Modify your diet
Choose foods that you can chew without pain.
Cut your food into smaller pieces to avoid wide mouth opening.
Avoid excessive chewing of chewing gum and sticky foods.
Do not favour one side of your mouth when eating.
Position the jaw to avoid tooth contacts
Place the tip of your tongue behind your top front teeth. This can help you keep your teeth apart during the day when not in use.
Support your jaw during yawning by providing some pressure underneath the chin.
Practice optimum sleep hygiene. A good night’s sleep is vitally important to your recovery.
Learn and practice nasal breathing.
Reduce lifestyle stress if possible.
Do not test the jaw
Do not try to move your jaw into positions that hurt, or click to assess pain or motion.
Avoid activities that strain the jaw.
Do not lean on your hand to support your head.
Avoid sleeping on your stomach or in positions that places stress on your jaw.
Avoid long dental appointments that can strain the jaw, particularly if it is an optional procedure.
Don't eat hard/tough food
Try and avoid overly hard foods while your jaw is getting better.
Don't fall into bad patterns of jaw use
Avoid touching your teeth together except during swallowing and eating.
Avoid clenching, grinding, tapping your teeth or holding hard objects between them.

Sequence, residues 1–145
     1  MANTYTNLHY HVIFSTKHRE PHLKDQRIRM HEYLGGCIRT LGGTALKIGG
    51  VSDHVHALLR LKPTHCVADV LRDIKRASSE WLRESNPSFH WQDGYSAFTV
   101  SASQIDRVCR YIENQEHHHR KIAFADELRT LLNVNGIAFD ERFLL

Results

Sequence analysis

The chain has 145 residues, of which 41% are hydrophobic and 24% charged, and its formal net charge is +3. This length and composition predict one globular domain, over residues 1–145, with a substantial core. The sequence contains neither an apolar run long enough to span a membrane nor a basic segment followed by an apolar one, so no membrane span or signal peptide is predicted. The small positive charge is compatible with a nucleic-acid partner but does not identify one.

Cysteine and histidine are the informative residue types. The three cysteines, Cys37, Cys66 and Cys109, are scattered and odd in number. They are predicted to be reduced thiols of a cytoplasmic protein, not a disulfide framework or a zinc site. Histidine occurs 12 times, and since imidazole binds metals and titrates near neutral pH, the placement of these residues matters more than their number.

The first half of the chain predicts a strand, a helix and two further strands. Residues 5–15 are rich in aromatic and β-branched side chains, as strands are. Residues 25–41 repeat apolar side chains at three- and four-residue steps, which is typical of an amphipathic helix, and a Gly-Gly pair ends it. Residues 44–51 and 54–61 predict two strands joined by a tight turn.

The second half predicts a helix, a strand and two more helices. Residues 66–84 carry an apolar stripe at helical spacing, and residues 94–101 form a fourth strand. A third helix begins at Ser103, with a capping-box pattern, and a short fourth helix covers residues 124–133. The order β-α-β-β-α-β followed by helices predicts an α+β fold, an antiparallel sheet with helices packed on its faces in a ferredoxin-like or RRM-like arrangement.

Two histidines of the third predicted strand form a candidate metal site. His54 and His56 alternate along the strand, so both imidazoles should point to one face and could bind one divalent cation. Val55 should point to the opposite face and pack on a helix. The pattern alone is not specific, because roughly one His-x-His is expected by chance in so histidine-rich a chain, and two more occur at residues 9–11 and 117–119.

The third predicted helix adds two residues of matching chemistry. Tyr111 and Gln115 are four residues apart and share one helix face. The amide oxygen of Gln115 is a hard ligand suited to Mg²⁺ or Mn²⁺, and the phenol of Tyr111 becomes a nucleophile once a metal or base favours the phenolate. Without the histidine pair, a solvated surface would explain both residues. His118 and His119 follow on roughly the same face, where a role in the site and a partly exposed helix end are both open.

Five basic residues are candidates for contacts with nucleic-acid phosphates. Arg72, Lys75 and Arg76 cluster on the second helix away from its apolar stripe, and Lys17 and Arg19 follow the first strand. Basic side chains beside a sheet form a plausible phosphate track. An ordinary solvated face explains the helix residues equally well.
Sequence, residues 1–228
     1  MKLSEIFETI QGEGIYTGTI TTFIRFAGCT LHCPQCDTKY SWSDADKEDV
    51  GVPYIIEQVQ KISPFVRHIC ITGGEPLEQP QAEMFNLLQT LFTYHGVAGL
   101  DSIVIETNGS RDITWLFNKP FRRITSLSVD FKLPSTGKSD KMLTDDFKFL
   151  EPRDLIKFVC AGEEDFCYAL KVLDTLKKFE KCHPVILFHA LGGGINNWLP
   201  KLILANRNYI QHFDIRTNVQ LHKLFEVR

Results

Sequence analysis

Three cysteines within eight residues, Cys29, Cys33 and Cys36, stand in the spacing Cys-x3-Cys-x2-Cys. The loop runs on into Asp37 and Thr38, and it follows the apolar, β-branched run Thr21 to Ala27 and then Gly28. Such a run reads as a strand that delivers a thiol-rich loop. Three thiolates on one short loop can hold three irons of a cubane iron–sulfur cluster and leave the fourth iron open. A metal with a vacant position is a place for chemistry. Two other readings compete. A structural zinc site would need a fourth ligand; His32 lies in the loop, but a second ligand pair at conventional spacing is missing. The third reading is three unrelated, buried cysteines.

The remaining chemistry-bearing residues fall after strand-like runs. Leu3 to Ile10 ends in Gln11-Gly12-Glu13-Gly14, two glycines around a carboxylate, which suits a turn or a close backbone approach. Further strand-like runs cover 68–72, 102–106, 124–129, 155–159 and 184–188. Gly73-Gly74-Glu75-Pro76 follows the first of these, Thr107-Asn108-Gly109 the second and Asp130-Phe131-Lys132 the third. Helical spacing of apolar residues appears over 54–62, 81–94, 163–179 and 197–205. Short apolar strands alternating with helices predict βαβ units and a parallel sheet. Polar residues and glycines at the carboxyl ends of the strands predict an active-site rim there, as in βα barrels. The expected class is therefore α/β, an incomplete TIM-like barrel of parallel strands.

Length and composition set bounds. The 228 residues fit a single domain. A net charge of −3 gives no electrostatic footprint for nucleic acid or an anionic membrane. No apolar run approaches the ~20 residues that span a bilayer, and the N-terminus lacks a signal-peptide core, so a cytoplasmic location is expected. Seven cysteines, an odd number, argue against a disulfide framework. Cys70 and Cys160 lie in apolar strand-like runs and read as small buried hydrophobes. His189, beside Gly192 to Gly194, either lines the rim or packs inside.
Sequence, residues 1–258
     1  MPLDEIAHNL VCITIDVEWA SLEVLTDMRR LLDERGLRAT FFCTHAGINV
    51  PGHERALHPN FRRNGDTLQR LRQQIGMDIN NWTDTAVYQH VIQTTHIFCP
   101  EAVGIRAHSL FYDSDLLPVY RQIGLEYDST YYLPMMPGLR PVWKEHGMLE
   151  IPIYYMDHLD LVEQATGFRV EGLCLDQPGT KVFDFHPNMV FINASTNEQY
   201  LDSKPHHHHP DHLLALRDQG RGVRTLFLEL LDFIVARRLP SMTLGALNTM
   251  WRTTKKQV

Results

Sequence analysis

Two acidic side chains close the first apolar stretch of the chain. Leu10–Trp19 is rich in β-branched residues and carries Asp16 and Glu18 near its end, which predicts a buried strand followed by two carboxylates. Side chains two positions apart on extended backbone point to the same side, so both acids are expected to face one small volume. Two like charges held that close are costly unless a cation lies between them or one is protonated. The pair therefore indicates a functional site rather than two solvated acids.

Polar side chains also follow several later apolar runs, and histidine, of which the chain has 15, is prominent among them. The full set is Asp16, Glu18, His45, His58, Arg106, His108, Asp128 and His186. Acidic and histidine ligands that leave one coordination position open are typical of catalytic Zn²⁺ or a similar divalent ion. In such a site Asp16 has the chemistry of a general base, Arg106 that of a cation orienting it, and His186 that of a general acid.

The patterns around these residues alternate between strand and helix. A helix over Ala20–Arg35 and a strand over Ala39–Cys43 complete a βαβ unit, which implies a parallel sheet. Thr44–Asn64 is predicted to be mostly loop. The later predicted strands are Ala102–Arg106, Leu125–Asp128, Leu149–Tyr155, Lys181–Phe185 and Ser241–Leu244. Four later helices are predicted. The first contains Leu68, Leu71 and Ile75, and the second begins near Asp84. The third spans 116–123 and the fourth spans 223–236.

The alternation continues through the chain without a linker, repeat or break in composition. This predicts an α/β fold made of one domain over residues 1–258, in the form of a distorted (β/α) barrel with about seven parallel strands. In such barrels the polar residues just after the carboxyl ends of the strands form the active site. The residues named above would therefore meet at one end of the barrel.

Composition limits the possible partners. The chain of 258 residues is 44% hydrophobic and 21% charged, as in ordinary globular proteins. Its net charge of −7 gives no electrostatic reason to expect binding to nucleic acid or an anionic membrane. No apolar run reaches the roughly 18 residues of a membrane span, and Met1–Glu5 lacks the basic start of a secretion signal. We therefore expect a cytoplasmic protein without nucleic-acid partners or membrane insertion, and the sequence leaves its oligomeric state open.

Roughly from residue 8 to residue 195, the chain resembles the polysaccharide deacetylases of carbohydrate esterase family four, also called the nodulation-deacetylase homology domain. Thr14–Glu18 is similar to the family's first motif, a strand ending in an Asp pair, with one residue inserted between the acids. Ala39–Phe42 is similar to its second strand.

Be more aware of your teeth when you are stressed, fatigued or simply carrying out your daily activities.
Rule of 5's
Heat a wheat-bag in the microwave until comfortably warm or use a face towel by soaking it in warm water and wringing it out.
Wrap the warm bag/towel in front of one ear, under your chin and up in front of the other ear. Keep it on for 5 minutes.
Remove the bag/towel. Open your mouth as far as you can comfortably and keep open in that position for 5 seconds.
Close your mouth and relax the jaw for 5 seconds.
Repeat steps 3 and 4 - 5 times.
Place a round pen between your front teeth and move your lower jaw left and right as far as you can comfortably 5 times
Repeat steps 1 - 6 twice daily
Like any form of exercise, forming a regular habit is the hardest thing. Jaw pain is often a result of many years of strain to the joint. It will take time for the pain to improve, and sometimes, it might never return to what it was originally, but an improvement can definitely be achieved.
Making sure that you do the exercises and follow the self-care advice is the best way to treat jaw pain without having to resort to expensive dental and surgical treatments such as bite splints. If the discomfort does not improve or worsens with these exercises, please contact me immediately.